IWPR – Institute for War and Peace Reporting (Author)
Seven-year-old Ibrar stood scared and hesitating by the wall of the mosque, unwilling to enter.
“The preacher in the mosque is so unfair and he beats children badly,” the boy explained. “He hit me on my back and my father had to take me to the hospital for treatment and it still hurts. Now I’m scared that he may beat me again.”
Ibrar said that he had asked his father not to send him to the mosque anymore, but with no success.
“I keep on having nightmares in which the mullah comes and he beats me with his stick, and I wake with a jolt,” he continued.
Ibrar’s father, Asadullah, said that he was in favour of corporal punishment.
“Sometimes it’s better to beat children to improve their discipline and manners,” the 40-year-old said. “Children will not listen to their elders unless they are scared of being punished.
“We’ve learned from our elders that kids will not grow up to be disciplined and well-mannered if you do not beat them.”
Such views are widespread in Afghan society, where physical punishment is a routine method of discipline.
Children are expected to be quiet in the presence of adults and are beaten both at home and at school, even though corporal punishment is supposed to be illegal.
Farhad, 14, told IWPR that he had switched from a state to a private school in Nangarhar province because of frequent corporal punishment.
He said that the fear of punishment had been so great that he had simply begun to play truant every day.
“When I was at the government school, I used to leave home but not attend lessons and just go hang out somewhere,” he said. “One day my father found out about this and I told him about all the physical punishment in the state school and he moved me to a private one.”
School was much better now, Farhad continued.
“Beating and mistreating children makes them lose interest in their studies, but here at the private school I’m happy and I have started to enjoy my lessons.”
Mohammad Asif Shinwari, the spokesman of Nangarhar education department, said that they were ready to prosecute teachers who beat their students.
Soon, a revised educational curriculum would be introduced that included more professional and effective methods of discipline, he continued.
“If any teacher beats or mistreats the students, legal action will be taken against him,” Shinwari said.
Experts warn that corporal punishment is counterproductive. Not only does it make it harder for children to learn, but rather than improving discipline violence it fuels antisocial behaviour and may lead to more violence later in life.
Karimullah, a child psychologist, said, “Children’s brains are much more sensitive and thus must be treated gently…. they should be treated with love and care as they will run into many troubles in life if they are beaten or mistreated.”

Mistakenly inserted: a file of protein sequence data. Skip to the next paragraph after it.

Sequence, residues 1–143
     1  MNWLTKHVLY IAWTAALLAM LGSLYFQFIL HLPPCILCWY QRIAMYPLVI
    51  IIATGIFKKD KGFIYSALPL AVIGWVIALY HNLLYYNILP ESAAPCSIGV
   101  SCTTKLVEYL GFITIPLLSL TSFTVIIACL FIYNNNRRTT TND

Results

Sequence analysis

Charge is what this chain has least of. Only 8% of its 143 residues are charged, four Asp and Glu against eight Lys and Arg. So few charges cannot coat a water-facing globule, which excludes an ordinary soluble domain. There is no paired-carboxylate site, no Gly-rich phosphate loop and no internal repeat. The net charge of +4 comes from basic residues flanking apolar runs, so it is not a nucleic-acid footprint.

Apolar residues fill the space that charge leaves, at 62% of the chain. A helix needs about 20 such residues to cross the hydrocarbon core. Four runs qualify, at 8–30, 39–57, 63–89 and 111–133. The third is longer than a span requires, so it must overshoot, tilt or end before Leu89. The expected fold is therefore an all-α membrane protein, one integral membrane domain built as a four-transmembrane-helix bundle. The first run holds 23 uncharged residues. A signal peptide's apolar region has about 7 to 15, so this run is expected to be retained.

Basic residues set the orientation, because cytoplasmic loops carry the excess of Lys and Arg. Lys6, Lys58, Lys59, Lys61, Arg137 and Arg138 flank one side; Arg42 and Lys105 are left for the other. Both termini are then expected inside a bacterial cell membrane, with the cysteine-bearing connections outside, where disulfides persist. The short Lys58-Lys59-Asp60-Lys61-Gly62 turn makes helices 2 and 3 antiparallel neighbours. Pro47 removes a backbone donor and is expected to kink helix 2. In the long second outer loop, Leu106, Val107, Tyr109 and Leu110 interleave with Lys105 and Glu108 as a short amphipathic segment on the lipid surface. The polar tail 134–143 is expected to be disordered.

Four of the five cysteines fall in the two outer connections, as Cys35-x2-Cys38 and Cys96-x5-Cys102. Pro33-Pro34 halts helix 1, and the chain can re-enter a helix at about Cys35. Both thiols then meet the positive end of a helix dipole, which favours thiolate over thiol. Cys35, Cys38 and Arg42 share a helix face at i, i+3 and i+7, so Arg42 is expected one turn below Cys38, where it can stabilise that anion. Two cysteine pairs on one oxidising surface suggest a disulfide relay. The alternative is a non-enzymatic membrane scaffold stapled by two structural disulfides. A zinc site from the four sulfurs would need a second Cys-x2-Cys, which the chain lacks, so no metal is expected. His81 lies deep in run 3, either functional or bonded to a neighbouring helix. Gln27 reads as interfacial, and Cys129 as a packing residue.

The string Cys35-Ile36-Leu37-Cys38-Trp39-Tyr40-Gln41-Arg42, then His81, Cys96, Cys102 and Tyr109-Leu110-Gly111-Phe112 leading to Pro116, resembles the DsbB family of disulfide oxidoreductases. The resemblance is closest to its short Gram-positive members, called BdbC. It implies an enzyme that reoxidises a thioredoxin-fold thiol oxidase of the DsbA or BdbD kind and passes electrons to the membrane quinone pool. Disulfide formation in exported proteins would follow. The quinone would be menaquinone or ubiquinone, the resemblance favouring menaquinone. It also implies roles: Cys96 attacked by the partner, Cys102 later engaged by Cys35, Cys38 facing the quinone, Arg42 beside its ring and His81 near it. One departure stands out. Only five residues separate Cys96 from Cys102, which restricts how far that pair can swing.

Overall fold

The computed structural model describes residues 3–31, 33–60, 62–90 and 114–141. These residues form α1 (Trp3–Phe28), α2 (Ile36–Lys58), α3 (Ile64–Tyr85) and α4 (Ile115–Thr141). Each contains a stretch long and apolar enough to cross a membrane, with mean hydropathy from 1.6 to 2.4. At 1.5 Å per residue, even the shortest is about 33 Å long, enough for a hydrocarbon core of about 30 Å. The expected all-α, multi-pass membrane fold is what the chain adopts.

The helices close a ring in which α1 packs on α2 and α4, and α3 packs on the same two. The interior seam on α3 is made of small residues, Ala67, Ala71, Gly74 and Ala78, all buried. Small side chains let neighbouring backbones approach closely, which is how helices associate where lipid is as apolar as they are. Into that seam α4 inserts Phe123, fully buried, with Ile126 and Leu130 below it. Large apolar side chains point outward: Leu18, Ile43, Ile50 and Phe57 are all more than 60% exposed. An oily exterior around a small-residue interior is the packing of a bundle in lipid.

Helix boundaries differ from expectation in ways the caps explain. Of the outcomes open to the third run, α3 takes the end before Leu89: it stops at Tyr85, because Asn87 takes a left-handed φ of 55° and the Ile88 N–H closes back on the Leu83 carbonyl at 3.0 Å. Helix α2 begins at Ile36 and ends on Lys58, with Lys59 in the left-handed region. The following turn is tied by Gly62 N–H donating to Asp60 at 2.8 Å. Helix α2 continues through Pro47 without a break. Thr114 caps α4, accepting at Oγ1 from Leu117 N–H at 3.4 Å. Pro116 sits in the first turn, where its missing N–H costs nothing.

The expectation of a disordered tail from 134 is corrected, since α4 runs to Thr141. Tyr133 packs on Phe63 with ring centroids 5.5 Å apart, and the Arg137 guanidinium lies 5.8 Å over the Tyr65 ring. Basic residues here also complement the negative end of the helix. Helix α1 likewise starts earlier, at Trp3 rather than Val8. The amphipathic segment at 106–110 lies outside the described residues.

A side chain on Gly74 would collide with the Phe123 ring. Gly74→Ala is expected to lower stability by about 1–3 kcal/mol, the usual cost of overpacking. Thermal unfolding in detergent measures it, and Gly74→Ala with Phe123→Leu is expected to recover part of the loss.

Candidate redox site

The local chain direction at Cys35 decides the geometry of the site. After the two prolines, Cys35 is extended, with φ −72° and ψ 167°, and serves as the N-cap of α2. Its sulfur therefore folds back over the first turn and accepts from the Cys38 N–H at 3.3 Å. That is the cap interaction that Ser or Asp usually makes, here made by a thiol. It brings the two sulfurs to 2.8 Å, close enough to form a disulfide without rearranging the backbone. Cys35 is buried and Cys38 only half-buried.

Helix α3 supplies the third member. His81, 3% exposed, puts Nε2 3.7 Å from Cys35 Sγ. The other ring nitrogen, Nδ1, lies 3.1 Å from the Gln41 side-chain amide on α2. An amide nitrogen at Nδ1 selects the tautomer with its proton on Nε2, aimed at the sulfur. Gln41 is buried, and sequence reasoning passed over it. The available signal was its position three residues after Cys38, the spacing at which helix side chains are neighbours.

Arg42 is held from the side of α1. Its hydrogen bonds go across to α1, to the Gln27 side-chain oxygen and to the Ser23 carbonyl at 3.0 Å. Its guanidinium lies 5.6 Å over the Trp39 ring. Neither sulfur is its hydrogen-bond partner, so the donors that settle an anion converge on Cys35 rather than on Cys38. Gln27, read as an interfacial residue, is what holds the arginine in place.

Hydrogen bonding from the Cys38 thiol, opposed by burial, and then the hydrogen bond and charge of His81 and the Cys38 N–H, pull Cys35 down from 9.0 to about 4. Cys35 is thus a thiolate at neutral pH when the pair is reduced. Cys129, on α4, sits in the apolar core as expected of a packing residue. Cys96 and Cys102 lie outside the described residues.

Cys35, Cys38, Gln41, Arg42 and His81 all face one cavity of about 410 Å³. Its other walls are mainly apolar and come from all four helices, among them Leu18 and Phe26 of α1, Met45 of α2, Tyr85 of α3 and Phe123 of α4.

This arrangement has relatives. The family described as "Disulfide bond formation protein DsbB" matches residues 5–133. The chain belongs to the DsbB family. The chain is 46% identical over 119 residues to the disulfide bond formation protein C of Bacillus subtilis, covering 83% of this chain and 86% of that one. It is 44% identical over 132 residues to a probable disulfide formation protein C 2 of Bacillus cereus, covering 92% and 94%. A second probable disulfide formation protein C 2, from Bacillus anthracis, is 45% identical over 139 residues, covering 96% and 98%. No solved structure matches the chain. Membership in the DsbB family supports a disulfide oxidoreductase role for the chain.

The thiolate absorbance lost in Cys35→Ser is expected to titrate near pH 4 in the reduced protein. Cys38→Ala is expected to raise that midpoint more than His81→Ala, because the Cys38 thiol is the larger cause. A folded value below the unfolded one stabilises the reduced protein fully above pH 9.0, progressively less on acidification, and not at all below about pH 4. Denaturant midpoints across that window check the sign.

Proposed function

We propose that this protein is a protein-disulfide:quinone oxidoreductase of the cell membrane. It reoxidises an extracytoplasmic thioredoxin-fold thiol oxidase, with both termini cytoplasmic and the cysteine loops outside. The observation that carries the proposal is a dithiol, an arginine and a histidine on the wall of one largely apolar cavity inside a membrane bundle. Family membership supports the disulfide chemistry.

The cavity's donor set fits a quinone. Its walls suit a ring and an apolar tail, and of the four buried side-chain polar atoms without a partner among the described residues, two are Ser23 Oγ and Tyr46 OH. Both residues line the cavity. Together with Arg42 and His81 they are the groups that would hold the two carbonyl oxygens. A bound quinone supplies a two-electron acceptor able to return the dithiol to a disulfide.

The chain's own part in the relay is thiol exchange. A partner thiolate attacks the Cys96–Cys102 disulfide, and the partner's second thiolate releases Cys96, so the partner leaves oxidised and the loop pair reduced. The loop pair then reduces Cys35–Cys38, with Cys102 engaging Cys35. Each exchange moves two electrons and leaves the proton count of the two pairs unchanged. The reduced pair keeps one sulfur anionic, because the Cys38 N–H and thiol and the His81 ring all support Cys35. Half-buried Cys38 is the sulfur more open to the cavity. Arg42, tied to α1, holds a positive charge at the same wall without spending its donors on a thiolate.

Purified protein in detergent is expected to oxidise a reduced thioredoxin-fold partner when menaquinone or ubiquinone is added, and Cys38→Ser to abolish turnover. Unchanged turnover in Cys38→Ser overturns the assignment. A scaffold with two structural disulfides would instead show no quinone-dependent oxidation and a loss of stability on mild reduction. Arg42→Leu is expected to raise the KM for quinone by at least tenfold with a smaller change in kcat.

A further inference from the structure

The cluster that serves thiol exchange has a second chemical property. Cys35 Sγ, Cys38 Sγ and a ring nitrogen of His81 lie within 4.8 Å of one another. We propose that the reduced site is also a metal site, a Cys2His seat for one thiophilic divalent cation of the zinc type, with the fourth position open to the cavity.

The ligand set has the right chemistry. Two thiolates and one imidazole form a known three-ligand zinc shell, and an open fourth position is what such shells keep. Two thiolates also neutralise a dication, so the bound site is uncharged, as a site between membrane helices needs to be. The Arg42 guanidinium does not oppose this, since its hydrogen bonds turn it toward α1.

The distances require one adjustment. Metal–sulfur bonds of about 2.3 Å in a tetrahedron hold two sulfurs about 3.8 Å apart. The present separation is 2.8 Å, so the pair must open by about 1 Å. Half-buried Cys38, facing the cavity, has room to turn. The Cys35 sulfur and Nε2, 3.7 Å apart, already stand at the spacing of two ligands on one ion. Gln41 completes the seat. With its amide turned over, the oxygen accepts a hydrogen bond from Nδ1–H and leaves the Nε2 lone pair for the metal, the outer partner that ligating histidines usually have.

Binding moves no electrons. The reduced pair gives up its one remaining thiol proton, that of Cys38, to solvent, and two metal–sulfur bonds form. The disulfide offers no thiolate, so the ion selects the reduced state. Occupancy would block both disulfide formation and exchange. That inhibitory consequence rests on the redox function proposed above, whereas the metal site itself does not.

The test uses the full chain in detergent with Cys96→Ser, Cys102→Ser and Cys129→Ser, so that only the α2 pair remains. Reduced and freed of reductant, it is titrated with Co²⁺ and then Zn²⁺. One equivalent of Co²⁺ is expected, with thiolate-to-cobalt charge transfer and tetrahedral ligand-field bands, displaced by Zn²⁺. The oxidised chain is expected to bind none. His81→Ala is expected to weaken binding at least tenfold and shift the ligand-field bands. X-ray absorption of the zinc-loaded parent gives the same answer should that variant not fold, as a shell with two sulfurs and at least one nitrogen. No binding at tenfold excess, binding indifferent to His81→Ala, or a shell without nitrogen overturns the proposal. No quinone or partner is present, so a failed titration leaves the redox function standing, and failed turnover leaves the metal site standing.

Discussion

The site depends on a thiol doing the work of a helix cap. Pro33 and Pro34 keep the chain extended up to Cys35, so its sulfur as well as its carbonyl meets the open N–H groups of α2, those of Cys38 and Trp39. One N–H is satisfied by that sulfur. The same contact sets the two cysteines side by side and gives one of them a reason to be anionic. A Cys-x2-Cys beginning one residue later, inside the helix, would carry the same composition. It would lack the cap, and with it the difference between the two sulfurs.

Their treatment at this impressionable age in could have a long-lasting effect on the rest of their lives, he continued.
“Kids should be raised with love and care from early childhood. They should be given a chance to speak and we must listen and regard their views and thoughts, we have to respect, care and value them.
“They will be violent and a burden on society if they are beaten, discouraged and ignored or demotivated in childhood.”
Some religious scholars say that beating children, whether at home or in school, goes against Islamic practice.
Local scholar Mawlawi Naweed Ahmad told IWPR that the companions of the prophet Mohammad were known to have always treated their students with love and gentleness.
Modern day imams, scholars and religious teachers should follow their example, he added.
But Samiullah, a teacher at the Rahmatia Madrasa Islamic school, said that corporal punishment was routine.
This meant that many pupils played truant to avoid being beaten.
“I used to hit students because I believed that beating them made them study,” he said. “But a while ago I stopped and changed my methods of discipline. Now I treat them gently and they show real interest in studying and learn well.”
Other teachers also say that they have achieved better results when they treat their students with kindness.
That was the experience of Hijrat, a teacher in a private school.
“One day at school, I got angry and I hit one of my students, Fahim, with a stick,” he said “The next day when he saw me coming towards him in the village, he ran away in terror. I felt guilty, and since then I have never beaten anyone.”
This report was produced under IWPR’s Promoting Human Rights and Good Governance in Afghanistan initiative, funded by the European Union Delegation to Afghanistan.